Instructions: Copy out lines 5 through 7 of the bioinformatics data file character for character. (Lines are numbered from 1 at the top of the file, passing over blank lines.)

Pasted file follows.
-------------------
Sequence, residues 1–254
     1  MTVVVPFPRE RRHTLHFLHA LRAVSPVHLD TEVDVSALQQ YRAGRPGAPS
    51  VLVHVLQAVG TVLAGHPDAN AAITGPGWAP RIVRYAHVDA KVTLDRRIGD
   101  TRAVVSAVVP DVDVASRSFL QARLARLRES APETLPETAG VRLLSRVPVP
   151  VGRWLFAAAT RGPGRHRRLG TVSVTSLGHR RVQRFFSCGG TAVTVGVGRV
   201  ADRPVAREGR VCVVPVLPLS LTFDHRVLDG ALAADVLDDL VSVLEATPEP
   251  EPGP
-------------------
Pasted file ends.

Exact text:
   151  VGRWLFAAAT RGPGRHRRLG TVSVTSLGHR RVQRFFSCGG TAVTVGVGRV
   201  ADRPVAREGR VCVVPVLPLS LTFDHRVLDG ALAADVLDDL VSVLEATPEP
   251  EPGP